Accounting for academic and employment effort

Content last updated March 4, 2024

Policies for student academic and employment accounting

Purpose:

The Committee on Graduate Programs (CGP) established these policies for academic and employment accounting aim to create a common understanding of the expected time commitment for academic requirements and employment obligations of graduate students through a system that accounts for academic and employment hours separately through subject unit registration and RA/TA/IG appointments.

Principles:

For each hour of expected effort, a student should get academic credit or pay but not both. The sum of time commitments represented by academic units and by RA/TA/IG effort will thus equal the total hours of classroom subjects, research, and employment work expected on average during a typical week. The total hours of expected work may vary among students because of more or less overlap in content between academic research and employment research.

Overall time commitment

A student’s total weekly effort should equal the general expectation for average weekly academic and employment time commitments in their graduate program over a semester. These average weekly time commitments can be a range to reflect different levels of contribution to academic requirements that might be inherent to a particular RA appointment.  

For example, if the RA service requirements overlap entirely with the academic research requirements, a lower total average weekly commitment may be appropriate.  Alternatively, if there is no research overlap in the case of an RA, or the employment role sits entirely outside the academic research as in a TA, then either a greater overall time commitment is required by the student, or other academic subject registration should be limited. These expectations and norms should be defined and communicated by the individual academic programs.

(Please see the Appendix below for hypothetical student examples.)

Teaching for academic credit

Students who are fulfilling an academic teaching requirement, or who are electing to teach for academic credit, must register for the appropriate academic teaching subject in that semester. Teaching subject units should equal the average number of hours per week spent on teaching experience or training required by the degree program.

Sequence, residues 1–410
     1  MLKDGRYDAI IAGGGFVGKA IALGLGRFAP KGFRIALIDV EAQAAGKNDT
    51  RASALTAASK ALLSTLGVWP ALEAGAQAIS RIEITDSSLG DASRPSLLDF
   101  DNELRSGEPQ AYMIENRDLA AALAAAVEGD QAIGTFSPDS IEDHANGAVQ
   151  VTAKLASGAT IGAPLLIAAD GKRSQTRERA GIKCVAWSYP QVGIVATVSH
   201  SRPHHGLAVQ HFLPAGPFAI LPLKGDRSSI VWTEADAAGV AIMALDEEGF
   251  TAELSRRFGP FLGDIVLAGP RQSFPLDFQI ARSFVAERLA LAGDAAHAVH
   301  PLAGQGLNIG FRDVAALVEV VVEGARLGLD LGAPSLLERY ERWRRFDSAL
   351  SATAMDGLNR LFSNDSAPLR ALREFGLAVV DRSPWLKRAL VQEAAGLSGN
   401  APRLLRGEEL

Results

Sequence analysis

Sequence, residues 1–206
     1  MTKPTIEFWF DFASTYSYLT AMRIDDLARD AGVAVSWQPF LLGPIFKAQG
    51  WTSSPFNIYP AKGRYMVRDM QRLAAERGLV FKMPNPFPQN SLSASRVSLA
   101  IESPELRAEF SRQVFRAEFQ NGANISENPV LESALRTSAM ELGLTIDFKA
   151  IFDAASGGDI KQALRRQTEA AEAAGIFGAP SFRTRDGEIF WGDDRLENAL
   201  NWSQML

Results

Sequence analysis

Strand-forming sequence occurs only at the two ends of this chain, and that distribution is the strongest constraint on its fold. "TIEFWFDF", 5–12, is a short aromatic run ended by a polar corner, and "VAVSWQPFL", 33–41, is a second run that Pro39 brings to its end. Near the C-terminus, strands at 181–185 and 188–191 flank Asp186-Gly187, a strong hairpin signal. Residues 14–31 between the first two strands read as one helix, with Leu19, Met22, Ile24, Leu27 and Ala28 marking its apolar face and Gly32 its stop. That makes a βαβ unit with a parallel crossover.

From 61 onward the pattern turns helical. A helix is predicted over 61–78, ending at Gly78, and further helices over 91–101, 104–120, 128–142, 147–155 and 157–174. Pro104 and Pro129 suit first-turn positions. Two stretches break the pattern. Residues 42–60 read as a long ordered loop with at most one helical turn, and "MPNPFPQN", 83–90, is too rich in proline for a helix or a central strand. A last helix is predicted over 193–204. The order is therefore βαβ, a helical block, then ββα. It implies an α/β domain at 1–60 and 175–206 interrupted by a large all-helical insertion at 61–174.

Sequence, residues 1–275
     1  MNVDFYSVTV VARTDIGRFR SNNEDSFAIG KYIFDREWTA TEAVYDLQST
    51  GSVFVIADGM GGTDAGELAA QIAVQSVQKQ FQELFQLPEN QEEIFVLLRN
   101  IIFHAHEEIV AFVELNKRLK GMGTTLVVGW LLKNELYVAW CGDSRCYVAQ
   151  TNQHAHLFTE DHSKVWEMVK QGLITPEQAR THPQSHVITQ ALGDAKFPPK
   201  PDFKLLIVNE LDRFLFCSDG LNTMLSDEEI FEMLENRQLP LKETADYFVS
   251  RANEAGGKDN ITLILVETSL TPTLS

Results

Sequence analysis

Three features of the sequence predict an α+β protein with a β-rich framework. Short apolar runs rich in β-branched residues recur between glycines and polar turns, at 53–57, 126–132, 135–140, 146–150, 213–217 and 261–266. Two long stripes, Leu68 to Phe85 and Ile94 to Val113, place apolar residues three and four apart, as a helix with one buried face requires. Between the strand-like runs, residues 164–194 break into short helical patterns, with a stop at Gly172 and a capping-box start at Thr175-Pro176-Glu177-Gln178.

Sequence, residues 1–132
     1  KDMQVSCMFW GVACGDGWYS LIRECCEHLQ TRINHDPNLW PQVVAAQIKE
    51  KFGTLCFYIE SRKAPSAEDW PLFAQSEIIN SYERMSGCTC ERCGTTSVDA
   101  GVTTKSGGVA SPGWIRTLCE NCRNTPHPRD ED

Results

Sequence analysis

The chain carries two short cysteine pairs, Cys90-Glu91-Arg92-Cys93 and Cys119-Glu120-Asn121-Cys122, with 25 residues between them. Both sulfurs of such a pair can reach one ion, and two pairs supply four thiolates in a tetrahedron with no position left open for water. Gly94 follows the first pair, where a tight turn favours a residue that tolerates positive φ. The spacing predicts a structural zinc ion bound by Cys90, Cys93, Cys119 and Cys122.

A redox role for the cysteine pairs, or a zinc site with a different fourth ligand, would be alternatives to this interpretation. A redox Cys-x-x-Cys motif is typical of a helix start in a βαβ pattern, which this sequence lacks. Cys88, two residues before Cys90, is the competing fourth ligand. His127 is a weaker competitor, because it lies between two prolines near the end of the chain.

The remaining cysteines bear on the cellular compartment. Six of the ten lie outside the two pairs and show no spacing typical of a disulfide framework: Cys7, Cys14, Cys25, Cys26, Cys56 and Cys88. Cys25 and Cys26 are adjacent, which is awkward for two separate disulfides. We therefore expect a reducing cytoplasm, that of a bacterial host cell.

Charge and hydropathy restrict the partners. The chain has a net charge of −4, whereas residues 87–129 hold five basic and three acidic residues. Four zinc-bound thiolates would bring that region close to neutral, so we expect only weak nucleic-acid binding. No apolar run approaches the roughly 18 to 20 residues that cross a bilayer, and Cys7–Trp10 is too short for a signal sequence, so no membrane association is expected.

If a student is expected to satisfy an academic teaching requirement in a semester, or if they are electing to teach for academic credit, they should do so, rather than take TA/IG employment. Students cannot teach for credit and teach for pay for the same hours.

Departments and programs must denote their teaching requirement with an academic subject (e.g., 7.934 Teaching Experience in Biology). Departments that do not have an existing academic teaching subject may opt to use the generic “x.TAC” to denote “teaching for academic credit.”

Required academic teaching subjects should be represented accordingly in a degree chart, and the teaching experience or training requirement should be described in the degree program narrative, published in the MIT Bulletin.

Expectations for minimum academic performance for the teaching subject must be communicated clearly by the faculty advisor and graduate program handbook, and as specified in Graduate Policies and Procedures.

Students should receive fellowship awards or RA appointments, if applicable, (not TA/IG appointments) in semesters when they are fulfilling their program’s academic teaching experience or training requirement, even if the teaching that fulfills their degree program’s requirement is done outside of a student’s home department or program. 

A student’s total weekly effort should equal the general expectation for average weekly academic and employment time commitments in their graduate program over a semester (see “Overall time commitment” above). 

When students are teaching to fulfill an academic program requirement, or are electing to teach for academic credit, they should not be referred to as “Teaching Assistants” or “TAs” since this term describes an employment role. The suggested term for students fulfilling a degree requirement is “Teaching Trainee”; however, departments may use any term that is not “Teaching Assistant” or a term that abbreviates to “TA.”

Teaching as employment 

Students should be appointed as TAs when performing teaching-related services for employment and cannot register for an academic teaching subject for this work.

A student’s total weekly effort should equal the general expectation for average weekly academic and employment time commitments in their graduate program over a semester (see “Overall time commitment” above).